Money — many people use it every day, and it may seem to go as quickly as it comes. To ensure money is being saved or set aside toward a goal that is beneficial to the earner, creating and following a budget just might be the answer.
“A budget is essentially a spending plan,” said Robert Griffin, 56th Force Support Squadron Airman and Family Readiness Center community readiness specialist. “It directs your money toward where you want it to go. An easy way to remember it is, ‘If you don’t tell your money where to go, it will leave on its own.’”
Spending money carelessly is a common pitfall amongst many.
“It’s not uncommon that most people don’t know where their money’s going,” Griffin said. “Typically, I find my clients have a surplus of $600 to $1,000 each month, but when I point that out to them, most say they don’t see how it’s true when they’re broke all the time.”
It’s usually in discretionary spending where people go wrong with their budgets, Griffin said. Discretionary spending is any extracurricular things you do, like going to the movies, going out to dinner, going to a coffee shop or buying snacks from the convenience store.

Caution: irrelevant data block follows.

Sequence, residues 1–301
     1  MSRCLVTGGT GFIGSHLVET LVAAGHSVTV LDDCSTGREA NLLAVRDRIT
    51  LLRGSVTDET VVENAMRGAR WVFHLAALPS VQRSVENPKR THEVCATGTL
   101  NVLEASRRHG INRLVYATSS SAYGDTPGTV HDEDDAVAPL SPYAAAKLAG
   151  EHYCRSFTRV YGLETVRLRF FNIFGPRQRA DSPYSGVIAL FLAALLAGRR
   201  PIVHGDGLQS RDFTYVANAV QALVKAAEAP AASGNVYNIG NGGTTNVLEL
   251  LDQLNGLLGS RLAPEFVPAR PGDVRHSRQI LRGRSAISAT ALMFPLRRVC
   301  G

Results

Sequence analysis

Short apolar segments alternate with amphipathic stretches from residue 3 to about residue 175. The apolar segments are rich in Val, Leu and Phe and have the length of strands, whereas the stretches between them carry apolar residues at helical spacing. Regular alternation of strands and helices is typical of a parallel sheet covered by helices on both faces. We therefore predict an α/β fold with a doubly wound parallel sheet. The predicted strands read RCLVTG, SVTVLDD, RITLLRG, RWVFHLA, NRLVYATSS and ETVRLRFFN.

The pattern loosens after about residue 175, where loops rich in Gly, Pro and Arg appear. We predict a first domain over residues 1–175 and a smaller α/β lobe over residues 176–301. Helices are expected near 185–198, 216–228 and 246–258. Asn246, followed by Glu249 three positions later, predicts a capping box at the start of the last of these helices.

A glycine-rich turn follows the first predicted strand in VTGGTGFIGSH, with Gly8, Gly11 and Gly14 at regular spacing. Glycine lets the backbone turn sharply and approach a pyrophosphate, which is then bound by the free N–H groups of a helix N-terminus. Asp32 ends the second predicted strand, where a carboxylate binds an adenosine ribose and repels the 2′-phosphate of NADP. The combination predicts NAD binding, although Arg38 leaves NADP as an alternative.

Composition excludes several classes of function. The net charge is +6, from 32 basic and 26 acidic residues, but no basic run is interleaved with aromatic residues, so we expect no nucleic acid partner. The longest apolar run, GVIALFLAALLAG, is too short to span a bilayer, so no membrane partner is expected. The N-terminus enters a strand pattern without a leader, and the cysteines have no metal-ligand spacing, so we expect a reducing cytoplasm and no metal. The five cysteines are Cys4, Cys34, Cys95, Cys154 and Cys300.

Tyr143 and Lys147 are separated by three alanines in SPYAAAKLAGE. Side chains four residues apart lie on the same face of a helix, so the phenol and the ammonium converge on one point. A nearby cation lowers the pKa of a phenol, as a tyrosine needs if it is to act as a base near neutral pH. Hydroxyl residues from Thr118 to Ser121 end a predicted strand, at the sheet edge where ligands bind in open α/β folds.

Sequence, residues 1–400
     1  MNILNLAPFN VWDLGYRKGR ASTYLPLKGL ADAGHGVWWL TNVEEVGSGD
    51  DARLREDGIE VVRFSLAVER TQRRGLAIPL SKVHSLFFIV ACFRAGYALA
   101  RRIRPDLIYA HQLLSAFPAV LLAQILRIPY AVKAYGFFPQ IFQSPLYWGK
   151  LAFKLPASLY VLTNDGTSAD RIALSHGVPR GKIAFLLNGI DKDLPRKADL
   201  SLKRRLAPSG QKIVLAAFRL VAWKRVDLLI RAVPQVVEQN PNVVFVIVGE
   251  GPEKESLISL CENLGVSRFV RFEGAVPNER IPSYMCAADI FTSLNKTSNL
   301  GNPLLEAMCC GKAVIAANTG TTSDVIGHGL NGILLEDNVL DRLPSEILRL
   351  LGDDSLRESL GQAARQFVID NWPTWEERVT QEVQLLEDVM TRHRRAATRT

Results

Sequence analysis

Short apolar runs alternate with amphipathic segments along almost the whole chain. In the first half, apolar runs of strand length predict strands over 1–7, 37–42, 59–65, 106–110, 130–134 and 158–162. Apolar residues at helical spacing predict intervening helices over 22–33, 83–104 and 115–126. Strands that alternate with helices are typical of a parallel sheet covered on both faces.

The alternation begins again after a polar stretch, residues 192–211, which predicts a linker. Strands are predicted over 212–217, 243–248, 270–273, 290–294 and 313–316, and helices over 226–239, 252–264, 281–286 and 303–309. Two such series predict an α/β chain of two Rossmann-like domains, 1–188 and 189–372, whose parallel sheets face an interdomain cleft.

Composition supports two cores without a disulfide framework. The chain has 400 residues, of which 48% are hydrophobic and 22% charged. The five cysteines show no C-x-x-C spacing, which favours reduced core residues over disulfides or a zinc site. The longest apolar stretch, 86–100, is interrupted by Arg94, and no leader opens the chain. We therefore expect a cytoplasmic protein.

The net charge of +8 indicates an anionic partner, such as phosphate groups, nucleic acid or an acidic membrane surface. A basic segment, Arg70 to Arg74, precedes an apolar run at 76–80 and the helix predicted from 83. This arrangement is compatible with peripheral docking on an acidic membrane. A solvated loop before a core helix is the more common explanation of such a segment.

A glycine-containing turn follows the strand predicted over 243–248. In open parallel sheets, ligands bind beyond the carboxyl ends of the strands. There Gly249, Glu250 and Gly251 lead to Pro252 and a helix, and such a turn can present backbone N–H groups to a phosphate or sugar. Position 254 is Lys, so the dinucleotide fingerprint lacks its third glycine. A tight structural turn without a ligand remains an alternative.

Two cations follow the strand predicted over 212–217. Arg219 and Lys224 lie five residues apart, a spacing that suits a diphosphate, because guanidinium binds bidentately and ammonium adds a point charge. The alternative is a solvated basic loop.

While everyone has different financial goals, it’s best to start with the essentials.
“It’s important to budget for your living expenses or the ‘Four Walls’ as we call it, which is your mortgage or rent, utilities, food, and insurance,” Griffin said. “This ensures your basic needs are met before we move on to how much is going to savings and how much is set aside for spending.”
After subtracting one’s needs it’s recommended to have a goal in mind.
“Before creating a budget, we recommend creating a goal,” said Senaida Larson, 56th FSS A&FRC community readiness specialist. “This could be something as simple as saving $50 a month, spending less on groceries or putting a down payment on a house. The list goes on. Doing this will motivate you to stick with your budget to reach your goal.”
Luke’s A&FRC financial counselors help clients by observing their spending which assists them in finding where their money is going.
“A technique we use for our clients is monitoring their spending. They write down everything they buy no matter if it’s with cash, debit or credit,” Larson said. “I usually find about 80 percent of that surplus in what they’re just spending mindlessly. What we do best is keep people accountable to the budget they create. We call to ask how they’re doing and schedule follow-up appointments if needed.”
For those unsure about where to start, the financial counselors at the A&FRC are there to help.
“Come see us. We have a comprehensive budget plan and can provide Airmen with free service,” Griffin said. “We can help get you on the right track. It doesn’t matter what rank you are, we can help. Start budgeting now. It will positively impact your financial well-being.”
For more information or to make an appointment with an A&FRC financial counselor, call 623-856-6550.